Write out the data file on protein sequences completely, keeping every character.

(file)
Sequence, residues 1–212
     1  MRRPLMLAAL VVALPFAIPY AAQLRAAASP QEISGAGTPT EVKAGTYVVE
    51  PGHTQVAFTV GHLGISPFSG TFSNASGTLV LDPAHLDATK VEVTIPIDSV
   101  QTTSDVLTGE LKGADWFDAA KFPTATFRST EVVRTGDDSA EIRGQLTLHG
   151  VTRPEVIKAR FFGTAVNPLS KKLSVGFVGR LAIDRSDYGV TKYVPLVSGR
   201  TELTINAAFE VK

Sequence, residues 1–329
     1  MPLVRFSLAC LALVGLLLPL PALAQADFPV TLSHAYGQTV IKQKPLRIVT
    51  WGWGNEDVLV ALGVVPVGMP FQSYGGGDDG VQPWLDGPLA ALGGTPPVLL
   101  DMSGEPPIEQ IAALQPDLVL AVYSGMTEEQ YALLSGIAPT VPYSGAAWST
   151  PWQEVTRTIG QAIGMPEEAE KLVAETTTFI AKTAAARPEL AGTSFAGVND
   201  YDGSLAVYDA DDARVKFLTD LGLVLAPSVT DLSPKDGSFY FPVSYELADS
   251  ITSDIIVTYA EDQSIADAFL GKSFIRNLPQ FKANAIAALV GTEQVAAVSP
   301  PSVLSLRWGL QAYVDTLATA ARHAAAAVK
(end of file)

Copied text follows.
Sequence, residues 1–212
     1  MRRPLMLAAL VVALPFAIPY AAQLRAAASP QEISGAGTPT EVKAGTYVVE
    51  PGHTQVAFTV GHLGISPFSG TFSNASGTLV LDPAHLDATK VEVTIPIDSV
   101  QTTSDVLTGE LKGADWFDAA KFPTATFRST EVVRTGDDSA EIRGQLTLHG
   151  VTRPEVIKAR FFGTAVNPLS KKLSVGFVGR LAIDRSDYGV TKYVPLVSGR
   201  TELTINAAFE VK

Sequence, residues 1–329
     1  MPLVRFSLAC LALVGLLLPL PALAQADFPV TLSHAYGQTV IKQKPLRIVT
    51  WGWGNEDVLV ALGVVPVGMP FQSYGGGDDG VQPWLDGPLA ALGGTPPVLL
   101  DMSGEPPIEQ IAALQPDLVL AVYSGMTEEQ YALLSGIAPT VPYSGAAWST
   151  PWQEVTRTIG QAIGMPEEAE KLVAETTTFI AKTAAARPEL AGTSFAGVND
   201  YDGSLAVYDA DDARVKFLTD LGLVLAPSVT DLSPKDGSFY FPVSYELADS
   251  ITSDIIVTYA EDQSIADAFL GKSFIRNLPQ FKANAIAALV GTEQVAAVSP
   301  PSVLSLRWGL QAYVDTLATA ARHAAAAVK